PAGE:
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A body is thrown with a velocity of 9.8m/s making an angle of ${30^ \circ }$ with the horizontal. It will hit the ground after a time:
A) 1.5 s
B) 1 s
C) 3 s
D) 2 s

Last updated date: 01st Mar 2024
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IVSAT 2024
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Hint: The motion of an object thrown or projected into the air, which is a subject to only the acceleration of gravity is known as projectile motion. The object is called a projectile, and the path covered by the object or projectile is called its trajectory.

Formula Used: The numerical formula to calculate the time of flight of a projectile is given by the mathematical expression given below:
\[T = \dfrac{{2 \times {u_y}}}{g}\]
In this mathematical equation to calculate the time of flight of a projectile, ${u_y}$ is the vertical velocity of the projectile or the velocity of the projectile along the direction of the y-axis.
$g$ is the acceleration due to gravity which is numerically equal to $9.8m{s^{ - 2}}$.

Complete step by step answer:
One of the most important things illustrated by projectile motion is that vertical and horizontal motions are independent of each other. Galileo was the first person to fully comprehend this characteristic. He used it to predict the range of a projectile.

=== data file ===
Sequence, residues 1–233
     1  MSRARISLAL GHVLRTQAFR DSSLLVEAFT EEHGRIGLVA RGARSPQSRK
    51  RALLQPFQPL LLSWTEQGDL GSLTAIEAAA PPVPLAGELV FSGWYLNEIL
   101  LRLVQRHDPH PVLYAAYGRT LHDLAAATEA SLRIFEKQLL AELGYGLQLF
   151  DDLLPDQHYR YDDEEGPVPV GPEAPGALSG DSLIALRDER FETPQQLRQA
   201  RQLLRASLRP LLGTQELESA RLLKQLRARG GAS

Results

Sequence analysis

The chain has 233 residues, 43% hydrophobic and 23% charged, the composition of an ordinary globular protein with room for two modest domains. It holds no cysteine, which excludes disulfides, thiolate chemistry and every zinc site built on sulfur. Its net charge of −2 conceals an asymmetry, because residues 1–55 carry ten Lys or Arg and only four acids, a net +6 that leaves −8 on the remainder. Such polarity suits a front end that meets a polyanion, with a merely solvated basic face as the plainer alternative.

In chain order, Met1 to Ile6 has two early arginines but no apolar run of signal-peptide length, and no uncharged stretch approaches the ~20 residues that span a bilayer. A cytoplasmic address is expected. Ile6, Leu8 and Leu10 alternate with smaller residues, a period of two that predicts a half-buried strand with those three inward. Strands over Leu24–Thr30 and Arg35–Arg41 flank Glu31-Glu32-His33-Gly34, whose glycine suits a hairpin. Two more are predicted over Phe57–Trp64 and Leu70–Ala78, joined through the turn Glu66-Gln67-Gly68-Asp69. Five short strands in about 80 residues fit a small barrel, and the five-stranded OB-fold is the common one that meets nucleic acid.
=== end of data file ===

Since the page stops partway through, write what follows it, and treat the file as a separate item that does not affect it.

In this question we have to take into consideration the velocity of the projectile along the y-axis or the vertical velocity of the object or projectile. Thus, we have:
${u_y} = u\sin \theta $
Now we substitute this equation in the mathematical formula to obtain the final expression for time of flight. Thus:
$T = \dfrac{{2 \times u\sin \theta }}{g}$
Now, we know that from the data given in the numerical problem.
$u = 9.8m/s$, $\theta = 3{0^ \circ }$ and $g = 9.8m{s^{ - 2}}$
Thus, substituting these values in the above mathematical equation, we get:
$T = \dfrac{{2 \times 9.8 \times \sin 30^\circ }}{{9.8}}$
Solving this equation further, we obtain:
$ \Rightarrow T = 2 \times \dfrac{1}{2} = 1s$

Thus the projectile takes one second to hit the ground.

Note: Note that this definition assumes that the upwards direction is defined as the positive direction. If we arrange the coordinate system instead such that the downwards direction is positive, then acceleration due to gravity takes a positive value.